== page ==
She added, “I know you're all waiting to see if you are big winners, I'm sure.”
The White House also has declined to answer questions about whether the awards would violate executive branch ethics rules, which prohibit government employees from using their office to help or hurt private enterprises.
Larry Sabato, the director of the University of Virginia Center of Politics, said Trump had little to gain politically—his base already dislikes the press—and only risks turning off others who’ve grown tired of all his press-bashing, and the drama associated with his presidency.
“It was a stupid idea that only his base would love,” Sabato said, “but the cult loves anything he says or does, so why cause yourself additional problems?”
Sabato also said that, if Trump were to highlight too many TV reports in his awards, it would give the lie to the president’s much-contested claim that he does not watch much television.
“It reinforces what we know, that he watches cable TV for entirely too many hours a day,” Sabato said. “The president, who is supposed to be extremely busy, has so many hours to watch cable TV.”
Former George W. Bush press secretary Ari Fleischer said that he did think the awards could work politically, though execution would be difficult and need to be precise.
“It seems to me if this is done with 100 percent accuracy and a somewhat humorous touch, it can be quite effective. The press often points out everything the president says that is wrong. I can see a value in the president assembling the press’ worst mistakes and highlighting them,” Fleischer said in an email.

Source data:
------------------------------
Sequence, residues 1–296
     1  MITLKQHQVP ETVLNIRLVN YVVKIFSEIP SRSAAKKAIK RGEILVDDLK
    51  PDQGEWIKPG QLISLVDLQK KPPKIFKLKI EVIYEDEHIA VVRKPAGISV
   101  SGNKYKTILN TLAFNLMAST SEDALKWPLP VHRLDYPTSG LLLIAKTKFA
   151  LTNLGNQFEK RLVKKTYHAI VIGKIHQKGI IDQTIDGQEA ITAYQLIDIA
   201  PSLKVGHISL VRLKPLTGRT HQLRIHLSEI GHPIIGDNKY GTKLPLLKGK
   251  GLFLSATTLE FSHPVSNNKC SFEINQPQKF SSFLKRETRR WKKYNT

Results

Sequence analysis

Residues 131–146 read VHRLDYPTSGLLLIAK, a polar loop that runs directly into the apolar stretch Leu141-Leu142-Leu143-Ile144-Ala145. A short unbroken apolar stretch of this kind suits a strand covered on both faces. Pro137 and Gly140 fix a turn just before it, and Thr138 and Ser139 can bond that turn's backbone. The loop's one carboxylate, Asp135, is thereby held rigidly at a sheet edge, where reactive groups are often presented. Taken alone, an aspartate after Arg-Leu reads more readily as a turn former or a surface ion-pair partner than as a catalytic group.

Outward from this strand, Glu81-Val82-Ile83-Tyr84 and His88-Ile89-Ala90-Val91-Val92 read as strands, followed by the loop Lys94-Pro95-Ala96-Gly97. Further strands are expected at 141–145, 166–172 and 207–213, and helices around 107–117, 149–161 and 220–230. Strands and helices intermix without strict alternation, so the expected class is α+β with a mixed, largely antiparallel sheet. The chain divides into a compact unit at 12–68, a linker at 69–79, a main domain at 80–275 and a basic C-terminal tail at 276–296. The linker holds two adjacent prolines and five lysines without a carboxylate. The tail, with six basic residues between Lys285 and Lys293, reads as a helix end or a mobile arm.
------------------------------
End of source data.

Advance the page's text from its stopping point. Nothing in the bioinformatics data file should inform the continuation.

“The press, to their credit, often run corrections columns or they post their corrections. There is nothing wrong with the president putting those corrections together and talking about them,” he said.
But that would require that Trump limit himself to discussing strictly those types of stories, Fleischer said, where the press had clearly erred. They must be “Genuine mistakes” and “not 50-50 calls” or other types of stories that Trump has denied without real proof.
Trump’s definition of “fake news” has rarely been so restrictive, though, as he has habitually appended the label to stories he dislikes, regardless of whether or not they are factual.
The awards were to be have been given out on the same day that Senator John McCain wrote a column in The Washington Post decrying Trump’s war on the press while fellow Arizona Senator Jeff Flake compared Trump’s attacks on the media to those made by Joseph Stalin.
“No longer can we compound attacks on truth with our silent acquiescence,” Flake said. “No longer can we turn a blind eye or a deaf ear to these assaults on our institutions. And Mr. President, an American president who cannot take criticism – who must constantly deflect and distort and distract – who must find someone else to blame -- is charting a very dangerous path. And a Congress that fails to act as a check on the president adds to the danger.”